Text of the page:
Black Enterprise — May 2016
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Small Biz

Who Runs The World?

Black female founders and venture capitalists are turning the white investment world on its head

THERE IS A LOT OF TALK THESE DAYS ABOUT GETTING more women and minorities into the tech pipeline, from sponsoring programs to teach girls to code to ensuring recruiters seek out African American candidates. Nowhere is the diversity issue more evident than in the venture capital industry, which is dominated by white men who fund very few startups founded by women and minorities.

African American men receive 2% of the VC funding other startups get, while black women get a tiny fraction of that. According to DigitalunDivided’s report, The Real Unicorns of Tech, VC firms lend white men $1.3 million on average even if their startup fails, compared to $36,000 for black women. In the past five years, black women received a negligible amount of venture capital funding— just 0.002%—while the number of black women starting their own businesses has more than tripled. There are only 11 startups founded by black women that have raised more than $1 million in VC funding, including Black Enterprise 2016 Techpreneur of the Year nominee Jewel Burks, co-founder and CEO of Partpic, an Atlanta-based visual recognition startup.

“Years of institutionalized racism, sexism, and classism, as well as the pressures of being the ‘representative’ of an entire culture of people, has made failure a costly proposition to many potential founders of color, especially black women,” the report states.

Last year, the National Venture Capital Association pledged to increase its diversity efforts and the dollars invested in startups with black and female founders. A small number of black investors in Silicon Valley include Y Combinator's Michael Seibel, Precursor Ventures' Charles Hudson, EchoVC's Eghosa Omoigui,'s Clarence Wooten, Bronze Investments' Stephen DeBerry, Base Venture’s Erik Moore, Intel Capital’s Lisa M. Lambert, and Laurence “Lo” Toney from GV (formerly Google Ventures).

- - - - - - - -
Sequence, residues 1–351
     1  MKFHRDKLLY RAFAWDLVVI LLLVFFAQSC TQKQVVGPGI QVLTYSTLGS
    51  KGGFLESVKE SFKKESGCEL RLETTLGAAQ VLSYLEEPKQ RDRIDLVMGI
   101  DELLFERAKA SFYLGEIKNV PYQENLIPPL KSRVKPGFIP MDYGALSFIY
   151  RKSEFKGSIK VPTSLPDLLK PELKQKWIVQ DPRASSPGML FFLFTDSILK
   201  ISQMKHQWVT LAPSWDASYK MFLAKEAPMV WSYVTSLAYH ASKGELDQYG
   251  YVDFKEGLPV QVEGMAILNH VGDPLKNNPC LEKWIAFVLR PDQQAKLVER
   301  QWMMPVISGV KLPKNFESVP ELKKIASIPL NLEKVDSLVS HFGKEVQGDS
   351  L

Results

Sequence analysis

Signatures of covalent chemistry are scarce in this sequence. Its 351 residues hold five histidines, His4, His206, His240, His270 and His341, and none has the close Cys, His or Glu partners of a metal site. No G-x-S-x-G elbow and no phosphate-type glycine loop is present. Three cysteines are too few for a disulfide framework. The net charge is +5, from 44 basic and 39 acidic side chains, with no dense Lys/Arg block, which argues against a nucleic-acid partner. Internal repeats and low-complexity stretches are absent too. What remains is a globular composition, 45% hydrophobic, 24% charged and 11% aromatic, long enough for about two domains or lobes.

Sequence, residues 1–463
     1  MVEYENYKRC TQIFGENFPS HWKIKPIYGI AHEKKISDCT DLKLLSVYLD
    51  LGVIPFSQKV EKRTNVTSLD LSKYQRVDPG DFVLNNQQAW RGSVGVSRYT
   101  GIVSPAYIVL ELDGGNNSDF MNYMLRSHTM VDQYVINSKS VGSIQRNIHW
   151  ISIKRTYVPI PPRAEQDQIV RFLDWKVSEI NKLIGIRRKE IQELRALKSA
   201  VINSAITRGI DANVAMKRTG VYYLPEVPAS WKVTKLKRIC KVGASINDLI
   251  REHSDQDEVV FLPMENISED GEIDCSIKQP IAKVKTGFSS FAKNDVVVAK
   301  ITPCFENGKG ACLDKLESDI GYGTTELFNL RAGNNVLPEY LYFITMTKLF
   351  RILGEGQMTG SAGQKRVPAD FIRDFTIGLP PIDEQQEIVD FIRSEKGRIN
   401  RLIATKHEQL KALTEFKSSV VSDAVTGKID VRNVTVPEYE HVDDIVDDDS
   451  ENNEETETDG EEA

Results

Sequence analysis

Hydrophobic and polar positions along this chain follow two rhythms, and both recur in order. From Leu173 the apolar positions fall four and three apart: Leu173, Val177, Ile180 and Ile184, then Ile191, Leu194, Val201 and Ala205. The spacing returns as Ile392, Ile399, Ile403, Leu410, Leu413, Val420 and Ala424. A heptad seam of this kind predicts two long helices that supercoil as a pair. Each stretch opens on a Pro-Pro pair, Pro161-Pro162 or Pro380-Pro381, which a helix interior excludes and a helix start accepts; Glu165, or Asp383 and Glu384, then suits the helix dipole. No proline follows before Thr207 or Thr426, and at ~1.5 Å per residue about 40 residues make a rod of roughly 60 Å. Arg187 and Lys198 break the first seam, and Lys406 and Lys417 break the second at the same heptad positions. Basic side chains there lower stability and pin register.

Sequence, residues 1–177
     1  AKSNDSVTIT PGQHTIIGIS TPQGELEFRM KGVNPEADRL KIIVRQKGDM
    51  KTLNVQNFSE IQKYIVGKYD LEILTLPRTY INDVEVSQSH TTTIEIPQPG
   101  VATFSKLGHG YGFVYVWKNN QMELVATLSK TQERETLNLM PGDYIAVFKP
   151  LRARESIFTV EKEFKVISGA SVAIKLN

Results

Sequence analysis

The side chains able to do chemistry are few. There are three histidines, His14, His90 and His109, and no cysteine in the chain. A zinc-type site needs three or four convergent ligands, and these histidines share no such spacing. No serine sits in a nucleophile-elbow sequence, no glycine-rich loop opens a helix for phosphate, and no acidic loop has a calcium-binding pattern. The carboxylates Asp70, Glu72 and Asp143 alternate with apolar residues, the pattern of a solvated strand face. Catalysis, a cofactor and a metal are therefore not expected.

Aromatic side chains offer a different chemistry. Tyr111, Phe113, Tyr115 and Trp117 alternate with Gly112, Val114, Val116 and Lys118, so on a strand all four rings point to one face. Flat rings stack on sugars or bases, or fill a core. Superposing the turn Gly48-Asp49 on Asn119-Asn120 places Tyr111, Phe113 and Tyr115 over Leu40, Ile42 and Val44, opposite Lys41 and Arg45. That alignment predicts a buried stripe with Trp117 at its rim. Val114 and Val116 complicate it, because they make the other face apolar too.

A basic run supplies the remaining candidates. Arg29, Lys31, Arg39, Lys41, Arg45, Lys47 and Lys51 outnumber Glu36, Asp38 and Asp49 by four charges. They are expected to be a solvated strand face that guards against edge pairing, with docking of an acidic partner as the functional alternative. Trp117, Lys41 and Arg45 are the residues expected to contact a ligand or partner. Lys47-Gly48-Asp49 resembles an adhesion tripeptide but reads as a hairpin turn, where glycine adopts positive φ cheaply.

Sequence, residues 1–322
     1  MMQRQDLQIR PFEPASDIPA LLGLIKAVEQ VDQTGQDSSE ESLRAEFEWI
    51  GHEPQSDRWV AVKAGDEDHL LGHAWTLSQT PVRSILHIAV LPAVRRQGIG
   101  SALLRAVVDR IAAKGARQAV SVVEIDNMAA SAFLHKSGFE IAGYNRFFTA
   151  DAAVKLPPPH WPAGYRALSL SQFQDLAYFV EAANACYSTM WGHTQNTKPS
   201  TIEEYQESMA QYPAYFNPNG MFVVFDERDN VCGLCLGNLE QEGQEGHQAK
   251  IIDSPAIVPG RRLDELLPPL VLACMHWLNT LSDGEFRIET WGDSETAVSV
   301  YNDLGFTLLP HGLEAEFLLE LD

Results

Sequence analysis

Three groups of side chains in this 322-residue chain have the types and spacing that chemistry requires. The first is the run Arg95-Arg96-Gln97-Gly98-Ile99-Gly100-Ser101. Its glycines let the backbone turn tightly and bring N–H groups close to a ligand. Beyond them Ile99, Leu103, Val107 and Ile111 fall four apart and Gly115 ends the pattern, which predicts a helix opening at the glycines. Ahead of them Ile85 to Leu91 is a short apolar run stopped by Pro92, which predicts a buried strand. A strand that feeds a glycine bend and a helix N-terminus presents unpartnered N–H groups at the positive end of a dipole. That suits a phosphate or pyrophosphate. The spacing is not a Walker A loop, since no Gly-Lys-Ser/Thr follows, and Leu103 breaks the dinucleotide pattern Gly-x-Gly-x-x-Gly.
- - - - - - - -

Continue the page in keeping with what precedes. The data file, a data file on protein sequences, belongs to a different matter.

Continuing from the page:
The disparity in funding has given rise to African American w om en venture capitalists looking to back diverse startup founders w ho could turn into tomorrow ’s high-powered CEOs. Monique Woodard recently joined the San Francisco-based accelerator 500 Startups, as its first African American venture partner, to increase the firm’s investments in black and Latino tech entrepreneurs. She will continue to run Black Founders as executive director of the national organization representing tech professionals and startup executives.

500 Startups has $250 million in assets under management and has made investments in a number of companies with minority founders including Tristan Walker of Walker & Co., maker of the Bevel shaving system, and Diishan Imira of Mayvenn Inc., which helps stylists to sell hair extensions.

"I am actively investing out of our funds right now, and some of those companies will go through our accelerator program,” says Woodard. “We invest in early-stage startups so our check size is $75,000 to $250,000. For me it is really a market-driven opportunity. Combined black and Latino consumer spending power is roughly $2.5 trillion and by the year 2044 people of color will be the majority in the U.S.,” she explains. “Unfortunately a lot of Silicon Valley venture capitalists are disconnected from African Americans, Latinos, and other people of color.”

Backstage Capital, the bootstrapped $12 million nano-venture capital fund founded by Arlan Hamilton, is dedicated to minimizing funding disparities in tech by investing $25,000-$100,000 in pre-seed and seed stage startups led by high-potential founders who are people of color, women, and/or LGBT. Hamilton entered the venture investing world from an unconventional path. As a band tour manager w ho’s worked on shows with Pharrell and Justin Timberlake, Hamilton started thinking about the venture industry after seeing others like Ellen DeGeneres, Troy Carter (John Legend’s manager), and Scooter Braun (Justin Bieber’s manager) investing in startups.